Mashup uses SaaS apps to staff hospitals during hurricanes

Doug Menefee, CIO of the Schumacher Group, a company that provides staffing to hospitals, is a fan of software as a service (SaaS). More than 50 per cent of the company’s software runs on a SaaS model, and he is using both to track the contact information of providers and is in the process of rolling out Google Apps to give employees basic productivity tools from any work station with a Web-browser in any hospital.

But he has also been able to capitalize on the agile development cycle associated with SaaS – the idea that updates and small tweaks can be done quickly – to build an application that helps the Schumacher Group track the whereabouts of their physicians during a hurricane and determine which hospitals could be in danger of being understaffed.

Schumacher’s hurricane tracker is a mashup – the word used to define an application where data from two or more disparate applications are combined into one unified view for the end-user to see. Menefee and his team conceived the app during Hurricane Katrina in August 2005 and built and tested the first version during Hurricane Rita shortly thereafter.

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“Our corporate headquarters [in Lafayette, LA) were not hit, but we could see the hospitals getting affected by the hurricane, and our physicians who live in the area who have families to worry about too,” he says.

Hurricane tracker became the answer. It relies on a few different data points. One is data from Schumacher’s application, which includes information about where providers live and what their primary contact information is. Another is an application called Tangier, a physician scheduling SaaS app from Peake Software Labs. On top of Google Maps, the mashup feeds in data that shows the hurricane’s location and predicted path.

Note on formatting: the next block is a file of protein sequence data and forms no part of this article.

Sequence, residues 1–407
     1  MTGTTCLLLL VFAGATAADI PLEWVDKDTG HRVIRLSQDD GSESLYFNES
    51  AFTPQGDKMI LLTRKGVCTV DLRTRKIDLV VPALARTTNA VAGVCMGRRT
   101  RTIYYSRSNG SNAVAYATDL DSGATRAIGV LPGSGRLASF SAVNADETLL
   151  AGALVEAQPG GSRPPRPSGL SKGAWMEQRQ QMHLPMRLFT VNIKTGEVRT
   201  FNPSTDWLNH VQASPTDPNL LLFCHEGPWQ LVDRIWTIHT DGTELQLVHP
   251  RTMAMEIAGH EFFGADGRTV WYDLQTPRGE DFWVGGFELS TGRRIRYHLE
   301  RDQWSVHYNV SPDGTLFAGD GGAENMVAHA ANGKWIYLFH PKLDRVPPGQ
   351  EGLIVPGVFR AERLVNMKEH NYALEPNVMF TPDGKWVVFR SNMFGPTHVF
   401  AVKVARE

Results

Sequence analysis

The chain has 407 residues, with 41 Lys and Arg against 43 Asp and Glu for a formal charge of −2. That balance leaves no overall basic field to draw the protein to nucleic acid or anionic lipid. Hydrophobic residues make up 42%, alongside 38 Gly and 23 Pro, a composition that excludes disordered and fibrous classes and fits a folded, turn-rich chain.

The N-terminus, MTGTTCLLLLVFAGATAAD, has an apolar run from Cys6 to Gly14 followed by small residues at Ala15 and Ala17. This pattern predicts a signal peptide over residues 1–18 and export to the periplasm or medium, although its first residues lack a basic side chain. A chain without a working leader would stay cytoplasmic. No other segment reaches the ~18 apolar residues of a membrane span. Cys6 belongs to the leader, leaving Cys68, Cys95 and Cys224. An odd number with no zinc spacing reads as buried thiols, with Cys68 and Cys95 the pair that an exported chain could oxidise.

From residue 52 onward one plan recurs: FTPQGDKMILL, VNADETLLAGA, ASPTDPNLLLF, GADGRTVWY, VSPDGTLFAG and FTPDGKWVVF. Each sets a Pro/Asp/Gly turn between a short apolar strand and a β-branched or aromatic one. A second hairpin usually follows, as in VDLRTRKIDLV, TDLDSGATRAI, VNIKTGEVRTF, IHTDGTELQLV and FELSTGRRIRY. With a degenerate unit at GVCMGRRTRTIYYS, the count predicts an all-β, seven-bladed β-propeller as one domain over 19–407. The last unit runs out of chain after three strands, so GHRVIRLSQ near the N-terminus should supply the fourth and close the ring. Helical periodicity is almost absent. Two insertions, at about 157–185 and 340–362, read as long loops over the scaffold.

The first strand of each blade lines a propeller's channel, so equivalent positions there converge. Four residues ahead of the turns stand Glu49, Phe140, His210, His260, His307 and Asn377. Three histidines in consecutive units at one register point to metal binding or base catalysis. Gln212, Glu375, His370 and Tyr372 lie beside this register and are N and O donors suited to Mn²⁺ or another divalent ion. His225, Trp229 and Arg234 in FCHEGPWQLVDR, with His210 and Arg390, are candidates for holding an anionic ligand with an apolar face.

The first version was created in 60 hours, Menefee says. But it didn’t include the scheduling app (Tangier), which Menefee and his primary developer added to the mashup during Hurricane Dolly in what he calls version 3 of the hurricane tracker.

Tangier allows him not only to see who is scheduled to work at the hospital, but just as importantly, who is not scheduled. This becomes pertinent because if a scheduled physician lives within the hurricane’s path, he or she will be first concerned with taking care of their family and home. If an unscheduled physician is not in the hurricane’s path, users of the mashup can click on their name (which appears as a P for physician) and their contact information from will then pop up and hospital administrators can call and ask them to fill in.

Because Google Maps and other SaaS-based apps work with open Web-based application programming interfaces (APIs), Menefee says that he and his primary developers can field requests from hospital administrators who want to add functions to the app (such as the scheduling).

“The sense of reward that we knew we already had the information, it was one of the best developing experiences I’ve ever had,” he says. “We were just creating it in 45 minute design cycles. It shows you the flexibility of SaaS.”

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